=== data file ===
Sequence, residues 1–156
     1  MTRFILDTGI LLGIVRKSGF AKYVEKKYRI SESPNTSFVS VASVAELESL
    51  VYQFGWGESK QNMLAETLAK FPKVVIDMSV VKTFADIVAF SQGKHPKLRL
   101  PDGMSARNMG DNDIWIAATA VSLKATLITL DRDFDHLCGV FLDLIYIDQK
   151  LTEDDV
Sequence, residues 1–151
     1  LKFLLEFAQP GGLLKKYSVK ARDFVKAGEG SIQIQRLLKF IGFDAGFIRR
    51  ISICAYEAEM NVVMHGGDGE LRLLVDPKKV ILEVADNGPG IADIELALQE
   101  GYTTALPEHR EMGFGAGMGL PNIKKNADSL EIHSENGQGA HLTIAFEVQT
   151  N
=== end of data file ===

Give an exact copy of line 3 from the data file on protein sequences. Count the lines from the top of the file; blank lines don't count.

    51  VYQFGWGESK QNMLAETLAK FPKVVIDMSV VKTFADIVAF SQGKHPKLRL